At the turn to begin the St. Kevin’s climb, where I often stop to pee, I had no need to do so, and so began the slog up the hill that just keeps getting steeper and steeper. And now the traffic increased exponentially, just like on any highway at rush hour when you begin to climb even the slightest hill. I believe I was forced off the bike two separate times because I just couldn’t make it through the riders ahead of me. In both cases I was able to remount after just a few steps and keep going. Unlike two years ago, I suffered on St. Kevin’s, but never dismounted of my own volition, largely because my pride wouldn’t allow it, not because I didn’t want to.
Again, I realized that this wasn’t 2011. By the time I reached the hairpin, that short but amazingly-long 15 minutes later of grades up to 21%, my heart rate was in the 170s, a problem that would stay with me for the next 50 miles. Unlike 2011, traffic thinned out after the hairpin and I was able to ride my race all the way to Carter Summit. And again, unlike 2011, it was a much more difficult piece of the race. Those little climbs after the hairpin just weren’t fun this year.
I got to Carter Summit in 1 hour, 5 minutes. I’m pleased with anything under 1:10, but again, somehow it just seemed to be so much harder than 2011 and not nearly as fun. And I just didn’t feel “in” it. Why?
From Carter Summit it’s that wonderful 3-mile sprint downhill on the pavement behind Turquoise Lake. As in 2011 I achieved my fastest time of the day here: 41 mph in the full racer crouch most of the way. Unlike two years ago, I left my jacket on because it was still chilly with a bite to it. Down, down, down and then the grind two miles uphill to the Hagerman Pass Rd. and another two miles of light climb on the newly-graded, almost-pavement-like Hagerman road. No washboard! Good going up at 10 mph, but it would be even better news for the return at twice that speed.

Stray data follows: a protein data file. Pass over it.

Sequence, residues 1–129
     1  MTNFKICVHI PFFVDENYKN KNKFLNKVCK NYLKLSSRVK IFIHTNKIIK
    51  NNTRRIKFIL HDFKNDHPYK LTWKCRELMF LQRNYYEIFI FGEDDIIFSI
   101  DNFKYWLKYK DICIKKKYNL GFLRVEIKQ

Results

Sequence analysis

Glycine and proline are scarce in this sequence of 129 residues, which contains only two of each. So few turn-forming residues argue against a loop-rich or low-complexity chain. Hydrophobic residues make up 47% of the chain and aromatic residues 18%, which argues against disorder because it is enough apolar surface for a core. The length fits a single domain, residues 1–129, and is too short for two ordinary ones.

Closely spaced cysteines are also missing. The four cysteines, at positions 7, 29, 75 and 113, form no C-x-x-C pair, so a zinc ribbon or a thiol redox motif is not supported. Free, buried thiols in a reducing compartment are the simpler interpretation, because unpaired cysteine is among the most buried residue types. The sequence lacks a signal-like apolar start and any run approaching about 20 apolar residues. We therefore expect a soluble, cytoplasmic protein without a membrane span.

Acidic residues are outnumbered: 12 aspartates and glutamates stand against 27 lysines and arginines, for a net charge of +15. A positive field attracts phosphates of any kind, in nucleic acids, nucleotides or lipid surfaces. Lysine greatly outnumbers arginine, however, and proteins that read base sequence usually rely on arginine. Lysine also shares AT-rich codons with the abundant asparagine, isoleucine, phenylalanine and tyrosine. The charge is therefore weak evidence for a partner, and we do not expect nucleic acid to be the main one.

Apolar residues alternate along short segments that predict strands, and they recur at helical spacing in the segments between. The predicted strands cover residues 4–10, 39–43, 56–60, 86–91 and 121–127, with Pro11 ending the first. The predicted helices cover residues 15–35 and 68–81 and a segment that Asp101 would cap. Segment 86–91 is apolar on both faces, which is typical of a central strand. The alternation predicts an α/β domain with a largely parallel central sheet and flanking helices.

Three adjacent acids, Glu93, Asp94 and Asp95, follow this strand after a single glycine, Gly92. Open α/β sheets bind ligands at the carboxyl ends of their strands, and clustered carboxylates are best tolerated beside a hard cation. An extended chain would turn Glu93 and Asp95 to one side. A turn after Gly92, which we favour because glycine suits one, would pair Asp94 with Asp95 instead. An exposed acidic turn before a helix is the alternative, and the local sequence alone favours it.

I forced myself to pee at the turn onto the Sugarloaf climb, even though I didn’t really feel like I had to. This in itself was a bit alarming, as not peeing usually means improper hydration. But what’s this??? My urine was burning as it passed from my body. This is a heck of a time to be passing a gallstone. It was really painful. No time to worry about it – it would be what it would be. Although I had felt like I had been hydrating regularly, I began to wonder. (In hindsight of a month later, I’m thinking that my hydration was insufficient in the weeks before the race, not necessarily on race day itself. More on this later.)
Near Sugarloaf summit, Mile 15 – (note photo-bomb guy taking leak in background)
And there it was again. I should have been cruising up the Hagerman road at 10-12 mph. Instead I was struggling at 8-9. The Sugarloaf climb, which I usually look forward to, was less enjoyable, and more of a struggle than any time in the past, including the 3 or 4 times I had done it in the previous three weeks. I was just expending too much energy, and my heart rate in the 160s on a relatively minor climb was proving it in numbers.